When leading with compassion, you do what is right regardless of what people may think of you. You stand up for the truth rather than trying to please everyone. You are compassionate and kind, yet you maintain high expectations. You support others rather than punish them. You do what is necessary rather than what is easy.
If you worry about employee productivity while working from home, then work on your own personal and professional development as a manager and a leader so you build enough confidence in yourself that you can lead with trust.
Hire motivated people with unique strengths and then find ways how to develop their strengths to the point of mastery. You turn everyone’s strengths into results.
Don’t underestimate the importance of proper onboarding and integration. It is very attractive and often expected to dive right in and start quickly producing results, but it will make you less effective and haunt you down the road.
Making work more playful will lead to creativity, innovation, adaptability, joy, satisfaction and become an antidote to stress. Demilitarize the language you use and become more inclusive. Prioritize flow over efficiency.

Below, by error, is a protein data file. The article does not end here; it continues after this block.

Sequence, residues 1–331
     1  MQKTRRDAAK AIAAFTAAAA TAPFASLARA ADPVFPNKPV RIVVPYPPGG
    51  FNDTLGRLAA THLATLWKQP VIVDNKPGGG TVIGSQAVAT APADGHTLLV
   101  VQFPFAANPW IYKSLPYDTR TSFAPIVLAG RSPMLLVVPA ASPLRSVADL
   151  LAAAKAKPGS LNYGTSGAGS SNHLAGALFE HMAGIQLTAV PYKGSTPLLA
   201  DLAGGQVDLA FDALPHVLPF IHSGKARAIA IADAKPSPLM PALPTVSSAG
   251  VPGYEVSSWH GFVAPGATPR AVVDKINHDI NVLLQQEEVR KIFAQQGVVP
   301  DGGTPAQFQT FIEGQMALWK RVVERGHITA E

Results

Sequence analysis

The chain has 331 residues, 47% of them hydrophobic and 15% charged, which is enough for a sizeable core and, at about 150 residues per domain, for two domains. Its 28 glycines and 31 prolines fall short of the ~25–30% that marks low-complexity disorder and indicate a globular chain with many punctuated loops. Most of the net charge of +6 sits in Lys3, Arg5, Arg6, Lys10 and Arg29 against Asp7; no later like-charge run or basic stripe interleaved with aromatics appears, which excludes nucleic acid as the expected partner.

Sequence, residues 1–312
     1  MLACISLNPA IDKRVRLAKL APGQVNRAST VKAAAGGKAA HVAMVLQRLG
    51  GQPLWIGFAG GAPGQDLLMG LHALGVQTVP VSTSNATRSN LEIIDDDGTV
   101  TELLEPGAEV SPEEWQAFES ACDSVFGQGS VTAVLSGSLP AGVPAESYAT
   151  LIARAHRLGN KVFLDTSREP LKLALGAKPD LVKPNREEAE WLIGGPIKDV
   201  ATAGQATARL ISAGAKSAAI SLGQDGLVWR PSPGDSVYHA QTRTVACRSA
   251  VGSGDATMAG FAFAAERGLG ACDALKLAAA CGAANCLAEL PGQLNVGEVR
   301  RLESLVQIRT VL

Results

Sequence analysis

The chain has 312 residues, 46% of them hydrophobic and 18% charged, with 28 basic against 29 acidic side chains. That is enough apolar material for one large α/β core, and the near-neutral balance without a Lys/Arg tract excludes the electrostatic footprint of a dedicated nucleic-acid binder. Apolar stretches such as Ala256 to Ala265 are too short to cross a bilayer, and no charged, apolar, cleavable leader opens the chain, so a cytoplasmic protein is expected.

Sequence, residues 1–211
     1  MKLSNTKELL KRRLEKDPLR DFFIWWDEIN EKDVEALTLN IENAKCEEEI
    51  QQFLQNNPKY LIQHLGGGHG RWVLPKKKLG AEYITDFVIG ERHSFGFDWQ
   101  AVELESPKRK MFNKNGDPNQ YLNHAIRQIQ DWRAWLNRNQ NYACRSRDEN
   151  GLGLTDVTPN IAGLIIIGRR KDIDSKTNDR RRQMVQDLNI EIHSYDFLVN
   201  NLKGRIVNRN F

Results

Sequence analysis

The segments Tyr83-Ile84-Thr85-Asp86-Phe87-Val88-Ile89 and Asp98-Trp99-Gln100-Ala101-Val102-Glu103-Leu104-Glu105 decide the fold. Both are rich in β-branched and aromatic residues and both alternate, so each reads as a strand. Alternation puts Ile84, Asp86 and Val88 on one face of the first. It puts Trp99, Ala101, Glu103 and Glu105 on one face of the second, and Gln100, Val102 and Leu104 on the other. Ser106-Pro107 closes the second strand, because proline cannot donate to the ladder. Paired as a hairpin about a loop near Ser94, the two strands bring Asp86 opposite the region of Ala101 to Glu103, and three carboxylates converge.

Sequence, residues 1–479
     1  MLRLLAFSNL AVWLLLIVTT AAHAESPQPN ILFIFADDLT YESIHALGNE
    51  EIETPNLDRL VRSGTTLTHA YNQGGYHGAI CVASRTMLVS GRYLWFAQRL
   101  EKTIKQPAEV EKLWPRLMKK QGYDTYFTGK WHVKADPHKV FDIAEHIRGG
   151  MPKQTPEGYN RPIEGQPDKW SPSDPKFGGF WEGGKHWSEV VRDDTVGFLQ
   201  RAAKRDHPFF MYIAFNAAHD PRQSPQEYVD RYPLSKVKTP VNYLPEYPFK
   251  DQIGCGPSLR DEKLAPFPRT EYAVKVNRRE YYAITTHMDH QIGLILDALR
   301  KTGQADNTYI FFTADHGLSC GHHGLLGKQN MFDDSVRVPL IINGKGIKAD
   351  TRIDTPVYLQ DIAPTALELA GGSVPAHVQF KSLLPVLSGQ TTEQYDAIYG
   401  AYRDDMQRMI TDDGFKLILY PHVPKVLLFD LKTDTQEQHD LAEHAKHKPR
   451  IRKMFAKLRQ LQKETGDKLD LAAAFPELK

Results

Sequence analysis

Your goal is not to hire the best but to hire the right people who are passionate about your mission, who believe what you believe, and who can get excited about your cause. They will join already motivated, and all you have to do is inspire them to give your mission their best.
If you genuinely want to help someone, give them attention and support. Show them that you care, help them to identify their strengths, and use the attention they desire to help them achieve mastery in things they care about.
There is no universal recipe for becoming a leader. Focus on a couple of your strengths that are making you special in some way. Make yourself unique and worth following.
Onboarding remotely is a challenge. Take ownership of the process. Working from home in a hybrid environment can be great, but you need to do it right, so it doesn’t impact your career and well-being.